The political career of Birmingham Congressman Artur Davis is over. Davis made a show out of trying to become Alabama's first black governor in one of the most bizarre and ridiculous political campaigns in the state's history.
"I have no interest in running for political office again," Davis confirmed to a reporter for a Birmingham paper. "The voters spoke in a very decisive way across every sector and in every section of the state. A candidate that fails across-the-board like that obviously needs to find something else productive to do with his life."
Years ago as a young newspaper reporter at the Hartford Courant, I came across a group of colleagues bad-mouthing a once-prominent publisher who'd just lost his job.
"Kind of rough, kicking a guy when he's down," I protested.
"That's when you get your best shot at 'em!!" responded one of the best journalists I've ever met. The Alabama version, by my understanding, comes from late Gov. George Wallace, who used to say a fallen politician deserves an especially hard kick "because you never know what they might do when they get up."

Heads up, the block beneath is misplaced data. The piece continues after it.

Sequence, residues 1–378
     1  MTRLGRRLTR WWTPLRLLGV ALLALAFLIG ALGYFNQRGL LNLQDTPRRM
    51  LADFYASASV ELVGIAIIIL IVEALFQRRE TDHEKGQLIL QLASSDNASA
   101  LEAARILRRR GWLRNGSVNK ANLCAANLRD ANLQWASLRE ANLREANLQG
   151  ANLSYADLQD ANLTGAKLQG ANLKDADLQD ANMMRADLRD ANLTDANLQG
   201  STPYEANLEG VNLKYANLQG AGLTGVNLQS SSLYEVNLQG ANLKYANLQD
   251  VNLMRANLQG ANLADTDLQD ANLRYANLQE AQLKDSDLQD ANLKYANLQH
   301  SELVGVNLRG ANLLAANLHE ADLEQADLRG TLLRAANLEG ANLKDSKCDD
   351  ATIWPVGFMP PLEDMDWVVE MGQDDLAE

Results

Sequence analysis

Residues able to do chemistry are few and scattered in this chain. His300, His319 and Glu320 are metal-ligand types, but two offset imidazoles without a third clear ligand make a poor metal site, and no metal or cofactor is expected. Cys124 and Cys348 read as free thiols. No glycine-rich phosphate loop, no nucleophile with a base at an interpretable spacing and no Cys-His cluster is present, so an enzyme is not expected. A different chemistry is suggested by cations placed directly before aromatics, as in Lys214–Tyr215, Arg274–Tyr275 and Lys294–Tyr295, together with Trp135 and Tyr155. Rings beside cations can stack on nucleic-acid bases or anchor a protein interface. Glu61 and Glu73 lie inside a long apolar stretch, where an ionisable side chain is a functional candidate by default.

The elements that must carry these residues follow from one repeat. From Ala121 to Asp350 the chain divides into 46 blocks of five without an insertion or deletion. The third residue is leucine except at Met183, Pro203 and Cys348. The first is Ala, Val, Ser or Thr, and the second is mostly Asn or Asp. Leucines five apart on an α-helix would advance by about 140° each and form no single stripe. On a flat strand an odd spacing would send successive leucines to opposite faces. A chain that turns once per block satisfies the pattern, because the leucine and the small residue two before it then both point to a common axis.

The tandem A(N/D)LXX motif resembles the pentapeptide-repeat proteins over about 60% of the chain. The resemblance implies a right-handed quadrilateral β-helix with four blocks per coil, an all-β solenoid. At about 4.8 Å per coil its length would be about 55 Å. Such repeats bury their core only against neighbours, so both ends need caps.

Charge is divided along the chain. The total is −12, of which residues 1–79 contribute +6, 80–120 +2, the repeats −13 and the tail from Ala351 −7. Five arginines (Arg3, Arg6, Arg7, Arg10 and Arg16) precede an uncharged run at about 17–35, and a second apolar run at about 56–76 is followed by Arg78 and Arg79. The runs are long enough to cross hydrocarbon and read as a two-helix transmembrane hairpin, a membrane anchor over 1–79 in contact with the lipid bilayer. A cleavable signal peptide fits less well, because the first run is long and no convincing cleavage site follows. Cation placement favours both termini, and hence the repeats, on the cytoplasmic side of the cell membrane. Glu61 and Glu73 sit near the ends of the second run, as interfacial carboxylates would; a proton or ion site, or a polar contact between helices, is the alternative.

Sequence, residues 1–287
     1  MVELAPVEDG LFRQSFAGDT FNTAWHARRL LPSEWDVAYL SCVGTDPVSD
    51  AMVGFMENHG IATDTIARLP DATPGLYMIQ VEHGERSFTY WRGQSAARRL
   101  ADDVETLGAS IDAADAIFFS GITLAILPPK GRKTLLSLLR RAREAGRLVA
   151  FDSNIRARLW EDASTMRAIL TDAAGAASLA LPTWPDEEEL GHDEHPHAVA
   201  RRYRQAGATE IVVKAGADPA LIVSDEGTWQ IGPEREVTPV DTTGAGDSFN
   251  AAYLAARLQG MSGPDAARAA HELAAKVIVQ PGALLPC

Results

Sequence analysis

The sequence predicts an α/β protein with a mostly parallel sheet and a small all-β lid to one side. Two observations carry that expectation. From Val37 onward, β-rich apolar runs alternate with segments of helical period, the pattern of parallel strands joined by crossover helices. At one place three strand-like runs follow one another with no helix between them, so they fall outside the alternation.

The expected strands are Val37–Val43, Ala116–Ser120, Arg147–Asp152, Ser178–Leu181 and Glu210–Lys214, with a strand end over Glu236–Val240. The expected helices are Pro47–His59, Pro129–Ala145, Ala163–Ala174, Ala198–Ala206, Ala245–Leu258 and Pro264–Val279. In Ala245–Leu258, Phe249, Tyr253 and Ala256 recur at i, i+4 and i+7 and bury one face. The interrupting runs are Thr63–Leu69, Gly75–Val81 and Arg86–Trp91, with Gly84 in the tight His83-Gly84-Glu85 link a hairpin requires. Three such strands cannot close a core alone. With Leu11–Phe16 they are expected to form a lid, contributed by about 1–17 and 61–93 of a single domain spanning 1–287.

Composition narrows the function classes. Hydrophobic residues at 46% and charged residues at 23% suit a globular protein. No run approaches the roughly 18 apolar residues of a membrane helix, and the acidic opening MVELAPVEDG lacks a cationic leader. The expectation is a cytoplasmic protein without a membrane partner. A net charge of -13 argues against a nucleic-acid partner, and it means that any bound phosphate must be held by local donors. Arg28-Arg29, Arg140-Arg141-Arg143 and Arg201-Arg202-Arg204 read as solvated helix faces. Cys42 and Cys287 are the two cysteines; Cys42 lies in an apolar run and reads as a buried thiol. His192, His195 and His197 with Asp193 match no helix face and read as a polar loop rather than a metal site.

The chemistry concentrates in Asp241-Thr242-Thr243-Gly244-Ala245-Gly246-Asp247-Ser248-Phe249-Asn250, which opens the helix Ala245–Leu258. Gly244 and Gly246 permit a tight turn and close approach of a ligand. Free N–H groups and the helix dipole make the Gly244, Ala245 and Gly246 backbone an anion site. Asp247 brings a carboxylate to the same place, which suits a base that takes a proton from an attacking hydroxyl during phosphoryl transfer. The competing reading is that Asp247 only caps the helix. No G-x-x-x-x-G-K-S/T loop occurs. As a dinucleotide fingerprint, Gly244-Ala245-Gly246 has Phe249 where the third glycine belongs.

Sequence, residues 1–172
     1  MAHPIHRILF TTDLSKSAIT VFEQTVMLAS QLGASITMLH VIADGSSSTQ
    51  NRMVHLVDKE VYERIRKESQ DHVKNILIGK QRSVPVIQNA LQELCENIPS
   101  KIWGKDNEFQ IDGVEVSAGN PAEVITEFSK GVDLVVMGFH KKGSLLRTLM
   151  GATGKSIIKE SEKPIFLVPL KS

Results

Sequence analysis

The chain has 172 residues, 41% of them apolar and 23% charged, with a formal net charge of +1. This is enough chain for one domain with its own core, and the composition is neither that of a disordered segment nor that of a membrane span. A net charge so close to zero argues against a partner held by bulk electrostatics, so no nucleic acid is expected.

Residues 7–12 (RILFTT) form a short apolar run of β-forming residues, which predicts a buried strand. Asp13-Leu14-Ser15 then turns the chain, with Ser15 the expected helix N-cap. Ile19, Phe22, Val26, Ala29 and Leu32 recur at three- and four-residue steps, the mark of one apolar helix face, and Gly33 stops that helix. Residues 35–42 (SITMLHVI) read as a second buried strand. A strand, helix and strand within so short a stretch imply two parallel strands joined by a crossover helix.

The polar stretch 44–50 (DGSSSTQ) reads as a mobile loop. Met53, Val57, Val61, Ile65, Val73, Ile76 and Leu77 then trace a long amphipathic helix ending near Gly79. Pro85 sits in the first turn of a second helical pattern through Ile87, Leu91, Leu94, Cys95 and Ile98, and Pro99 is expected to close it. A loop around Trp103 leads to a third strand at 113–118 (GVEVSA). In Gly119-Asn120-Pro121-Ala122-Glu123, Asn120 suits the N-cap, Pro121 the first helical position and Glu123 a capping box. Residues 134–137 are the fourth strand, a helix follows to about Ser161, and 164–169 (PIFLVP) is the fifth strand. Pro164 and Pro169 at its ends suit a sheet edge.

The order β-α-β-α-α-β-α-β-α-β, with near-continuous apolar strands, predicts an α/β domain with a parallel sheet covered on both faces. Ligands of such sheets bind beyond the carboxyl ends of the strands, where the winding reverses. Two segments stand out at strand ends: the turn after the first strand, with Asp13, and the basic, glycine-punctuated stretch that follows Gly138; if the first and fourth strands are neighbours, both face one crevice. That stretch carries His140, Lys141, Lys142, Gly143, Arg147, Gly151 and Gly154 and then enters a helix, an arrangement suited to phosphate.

In that spirit, I close with a concise overview by Huffington Post political columnist Sam Stein last week.
The strains between Davis and the black community, indeed, ran far deeper than conventional wisdom ever held. So much so that Roland Martin, a prominent CNN analyst, syndicated columnist and television talk show host felt compelled to email the Huffington Post a withering critique of the Alabama Democrat for ducking African-American media.
Davis lost, Martin told Huffington Post, because:
He was arrogant as hell.
Davis pointedly refused to do black media. He turned my TV One show down six times; he didn't do Tom Joyner's show, with 8 million listeners - TJ is a Tuskegee native; he turned down dozens of requests from Joe Madison of Sirius/XM; and he didn't do many others. He assumed because of his skin blacks would flock to his campaign. Sparks outhustled him and worked black voters in a major way.
Any smart politician knows to shore up their base. He was advised by top Democratic strategists, from the White House on down, to solidify his base. He never did that.
Last week, Davis was the face of a failed, top-down, "moderate" strategy fostered during recent years by the White House and Democratic National Committee.